In the latter stages of Korean-American author Min Jin Lee’s patient, sprawling story of a Korean family in Japan, Nobuo Ban, one of the novel’s principal characters, allows himself a moment of reflection. He is living a “small, invisible life” in Nagano, Japan, in 1969 – a modest but respectable middle-class existence, with a wife and four children and a job as a manager of a gambling joint where customers play the pachinko machines that lend the novel its title. But Nobuo’s unchanging routine and determinedly detached manner hide a terrible secret that plagues him daily: he is not, in fact, Japanese, but Korean – born Noa Baek, the son of poor immigrants despised by the rest of Japanese society. His failure to commit himself emotionally to his wife is at odds with the totality of his dedication to Japanese language, culture and manners, and betrays not just a deep-seated fear of being unmasked but an acceptance of the impossibility of equality or redemption. “Though he valued his wife and children as a kind of second chance, in no way did he see his current life as a rebirth.”
Noa’s predicament is a terrifying embodiment of the anxieties of Koreans in Japan – he stands to lose his family and job if his true identity is revealed – and indeed of immigrants in general. His desire to assimilate is constantly tempered by the fear of rejection, a tension that works its way into virtually every scene in the novel.
Spanning nearly 100 years and moving from Korea at the start of the 20th century to pre- and postwar Osaka and, finally, Tokyo and Yokohama, the novel reads like a long, intimate hymn to the struggles of people in a foreign land. Min Jin Lee meticulously reconstructs the relatively overlooked history of the large ethnic-Korean community in Japan, referred to as zainichi, whose perpetual status as outsiders obliges them, like Noa’s nephew Solomo in the novel, to renew their alien registration card every three years: a state of administrative limbo that mirrors their divided identities and condemns them to the role of the perpetual outsider.
The novel’s multi-generational narrative allows this rich history to unfold at a pace that is beguilingly peaceful, opening in a deceptively idyllic coastline setting in Korea, shortly after the Japanese annexing of Korea. Hoonie, the cleft-lipped, club-footed son of a fisherman, marries Yangjin, a 15-year-old “as mild and tender as a newborn calf”. Their first three babies die, but the fourth, Sunja, survives, and blossoms in adolescence. She soon falls for a sharp-suited man who wears white shoes and speaks fluent Japanese and Korean: a married yakuza, a polished gangster whose divided loyalties announce the end of Sunja’s innocence and the beginning of a life of hardship. Pregnant with Noa, her only salvation lies in marriage to an understanding pastor who arranges her escape to Japan, where she quickly becomes accustomed to the life of a Korean immigrant.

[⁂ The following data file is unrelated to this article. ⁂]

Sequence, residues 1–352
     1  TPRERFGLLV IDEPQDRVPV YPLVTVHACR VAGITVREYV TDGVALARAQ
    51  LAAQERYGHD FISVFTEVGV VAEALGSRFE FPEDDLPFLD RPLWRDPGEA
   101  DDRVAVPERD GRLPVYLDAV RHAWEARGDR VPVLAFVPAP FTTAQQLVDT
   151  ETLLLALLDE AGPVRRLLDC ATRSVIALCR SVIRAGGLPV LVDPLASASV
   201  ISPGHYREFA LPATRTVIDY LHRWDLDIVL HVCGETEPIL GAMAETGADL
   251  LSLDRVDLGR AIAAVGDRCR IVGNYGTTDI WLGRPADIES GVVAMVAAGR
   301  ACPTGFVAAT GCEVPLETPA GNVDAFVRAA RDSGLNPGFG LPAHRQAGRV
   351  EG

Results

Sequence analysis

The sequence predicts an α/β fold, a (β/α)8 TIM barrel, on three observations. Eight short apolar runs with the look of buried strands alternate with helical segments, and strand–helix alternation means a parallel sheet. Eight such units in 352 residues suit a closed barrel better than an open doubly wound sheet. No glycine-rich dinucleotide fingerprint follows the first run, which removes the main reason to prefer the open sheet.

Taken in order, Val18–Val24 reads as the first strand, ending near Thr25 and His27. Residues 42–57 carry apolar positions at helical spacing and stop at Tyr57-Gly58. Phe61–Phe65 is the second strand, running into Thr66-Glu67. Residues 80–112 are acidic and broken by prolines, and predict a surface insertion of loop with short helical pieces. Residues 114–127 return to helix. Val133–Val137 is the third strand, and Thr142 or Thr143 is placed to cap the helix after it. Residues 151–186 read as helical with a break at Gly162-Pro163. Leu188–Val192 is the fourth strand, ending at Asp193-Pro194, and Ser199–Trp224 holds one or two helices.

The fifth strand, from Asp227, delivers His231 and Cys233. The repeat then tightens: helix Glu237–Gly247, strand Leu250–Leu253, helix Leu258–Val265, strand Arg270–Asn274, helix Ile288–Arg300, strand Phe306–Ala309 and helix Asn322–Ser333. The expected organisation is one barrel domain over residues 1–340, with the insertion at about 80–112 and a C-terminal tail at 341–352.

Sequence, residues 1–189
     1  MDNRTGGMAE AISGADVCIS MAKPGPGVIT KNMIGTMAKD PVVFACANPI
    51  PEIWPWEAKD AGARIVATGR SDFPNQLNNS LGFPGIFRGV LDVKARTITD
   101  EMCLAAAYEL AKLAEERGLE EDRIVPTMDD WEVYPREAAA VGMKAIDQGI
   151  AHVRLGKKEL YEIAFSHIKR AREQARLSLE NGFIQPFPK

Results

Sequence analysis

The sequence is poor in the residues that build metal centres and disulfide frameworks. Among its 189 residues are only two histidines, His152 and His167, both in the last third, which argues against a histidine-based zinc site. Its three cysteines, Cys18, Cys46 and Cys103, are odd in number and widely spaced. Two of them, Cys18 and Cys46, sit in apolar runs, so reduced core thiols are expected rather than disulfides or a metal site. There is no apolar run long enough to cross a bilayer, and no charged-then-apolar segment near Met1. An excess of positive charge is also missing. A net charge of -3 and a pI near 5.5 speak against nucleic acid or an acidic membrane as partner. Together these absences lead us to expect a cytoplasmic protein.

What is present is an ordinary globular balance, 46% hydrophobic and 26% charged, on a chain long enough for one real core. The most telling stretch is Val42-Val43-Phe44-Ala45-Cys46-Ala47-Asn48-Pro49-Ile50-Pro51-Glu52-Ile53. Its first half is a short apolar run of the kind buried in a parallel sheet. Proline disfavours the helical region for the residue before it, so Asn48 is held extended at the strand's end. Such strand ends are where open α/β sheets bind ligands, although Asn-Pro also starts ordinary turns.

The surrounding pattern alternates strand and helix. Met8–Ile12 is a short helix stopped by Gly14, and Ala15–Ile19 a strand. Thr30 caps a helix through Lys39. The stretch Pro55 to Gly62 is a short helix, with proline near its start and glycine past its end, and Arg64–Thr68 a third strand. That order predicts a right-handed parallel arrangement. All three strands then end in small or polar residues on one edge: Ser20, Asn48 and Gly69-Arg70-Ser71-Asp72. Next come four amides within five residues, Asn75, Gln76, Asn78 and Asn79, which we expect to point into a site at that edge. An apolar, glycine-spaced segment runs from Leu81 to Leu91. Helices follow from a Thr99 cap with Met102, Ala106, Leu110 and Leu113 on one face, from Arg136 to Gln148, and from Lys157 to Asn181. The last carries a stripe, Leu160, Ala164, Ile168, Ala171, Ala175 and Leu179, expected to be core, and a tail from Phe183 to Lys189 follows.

Shame and guilt underpin many of the finest scenes in the novel, with every character continually forced by their position as second-class citizens to make painful sacrifices, and, consequently, to consider the nature of those sacrifices. Sunja never fully comes to terms with falling pregnant by a married man, nor can she overcome her emotional and material debt to Isak, the man who saves her (his act of sacrifice for her and her family is not enough to provide her with any sense of salvation). Noa sacrifices his Korean identity in order to become Japanese, but fails to reconcile himself with either.
Although Noa and Hansu offer some of the most poignant emotional conflicts in the novel, the story is built upon the resilience of its female characters, who keep their families alive during their most difficult times, working long hours running boarding houses or making and selling kimchi in the most gruelling conditions in order to support the children. Elsewhere, minor characters such as Akiko and Phoebe probe the nuances in cultural difference in a way that Noa, Hansu or even Solomon are not able to.
Much of the novel’s authority is derived from its weight of research, which brings to life everything from the fishing village on the coast of the East Sea in early 20th-century Korea to the sights and smells of the shabby Korean township of Ikaino in Osaka – the intimate, humanising details of a people striving to carve out a place for themselves in the world. Vivid and immersive, Pachinko is a rich tribute to a people that history seems intent on erasing.